New York Tries to Force Thain to Give Up Bonus Details
New York authorities are trying to force the former head of Merrill Lynch to provide details about $3.6 billion in year-end bonuses paid out to top executives just weeks before the firm announced it had lost billions more than it had previously projected.
John Thain, the ex-chief executive of Merrill Lynch, refused to disclose information to the New York attorney general's office during a deposition Thursday regarding individual bonus payments, citing advise from attorneys at Bank of America, which has merged with Merrill Lynch.
Thain's attorney, Andrew Levander, told prosecutors that he didn't want to have Thain "sued by the company for saying that he's violating someone's privacy," according to a transcript of the proceedings (partial transcript courtesy of MSNBC).
Thain also defended the payment of the bonuses, saying they were performance-based:
Bonuses were determined based upon the performance and the retention of people, and there is nothing that happened in the world or the economy that would make you say that those were not the right thing to do for the retention and the reward of the people who were performing.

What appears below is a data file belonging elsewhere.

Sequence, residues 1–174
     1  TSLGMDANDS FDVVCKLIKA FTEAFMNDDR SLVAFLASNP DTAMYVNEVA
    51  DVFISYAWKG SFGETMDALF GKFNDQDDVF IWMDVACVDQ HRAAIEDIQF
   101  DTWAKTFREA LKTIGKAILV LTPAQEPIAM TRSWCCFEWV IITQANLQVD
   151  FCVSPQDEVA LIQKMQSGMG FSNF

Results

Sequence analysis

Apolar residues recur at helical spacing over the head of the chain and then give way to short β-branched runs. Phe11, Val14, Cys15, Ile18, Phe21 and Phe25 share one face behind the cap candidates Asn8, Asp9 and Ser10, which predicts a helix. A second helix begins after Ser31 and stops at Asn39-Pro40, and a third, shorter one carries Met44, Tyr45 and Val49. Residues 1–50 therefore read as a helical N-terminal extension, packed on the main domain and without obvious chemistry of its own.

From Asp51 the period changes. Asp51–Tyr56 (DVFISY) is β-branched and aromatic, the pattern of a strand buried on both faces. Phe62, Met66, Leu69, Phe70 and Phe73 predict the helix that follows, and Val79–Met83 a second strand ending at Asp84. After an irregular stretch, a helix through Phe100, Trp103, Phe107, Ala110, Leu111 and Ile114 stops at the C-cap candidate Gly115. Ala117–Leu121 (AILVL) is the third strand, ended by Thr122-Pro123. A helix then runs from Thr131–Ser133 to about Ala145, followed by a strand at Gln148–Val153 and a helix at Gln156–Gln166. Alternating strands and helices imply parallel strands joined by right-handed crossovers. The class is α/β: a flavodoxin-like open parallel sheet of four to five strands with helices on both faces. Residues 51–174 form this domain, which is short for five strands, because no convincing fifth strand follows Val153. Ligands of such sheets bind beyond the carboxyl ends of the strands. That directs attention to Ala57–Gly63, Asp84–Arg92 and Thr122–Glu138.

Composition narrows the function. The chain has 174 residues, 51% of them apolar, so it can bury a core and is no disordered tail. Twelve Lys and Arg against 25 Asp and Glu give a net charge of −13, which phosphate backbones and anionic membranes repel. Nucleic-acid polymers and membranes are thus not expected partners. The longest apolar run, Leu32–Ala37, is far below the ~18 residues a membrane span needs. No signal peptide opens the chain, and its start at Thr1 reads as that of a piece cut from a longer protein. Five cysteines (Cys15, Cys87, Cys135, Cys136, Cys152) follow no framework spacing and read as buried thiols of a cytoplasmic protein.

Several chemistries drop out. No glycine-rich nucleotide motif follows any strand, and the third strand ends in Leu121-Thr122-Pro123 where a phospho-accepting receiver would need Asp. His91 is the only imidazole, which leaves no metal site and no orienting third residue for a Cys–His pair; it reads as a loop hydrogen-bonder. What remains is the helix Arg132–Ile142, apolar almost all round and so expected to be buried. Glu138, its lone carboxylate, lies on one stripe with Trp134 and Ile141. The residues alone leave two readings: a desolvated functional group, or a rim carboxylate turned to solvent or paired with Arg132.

Thain, 53, has been under scrutiny since New York Attorney General Andrew Cuomo began a probe into the approval of the year-end bonuses at Merrill Lynch, the New York investment firm that merged with Bank of America on Jan. 1.
The bonuses were set Dec. 8. Two weeks after Merrill Lynch's merger, the firm reported a $15.3 billion fourth quarter loss, resulting in an unexpected $7 billion hit on Bank of America. Thain was soon fired by Bank of America chairman and chief executive Kenneth D. Lewis.
By Derek Kravitz |
February 23, 2009; 6:06 PM ET
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Posted by: hemnebob | February 24, 2009 3:43 PM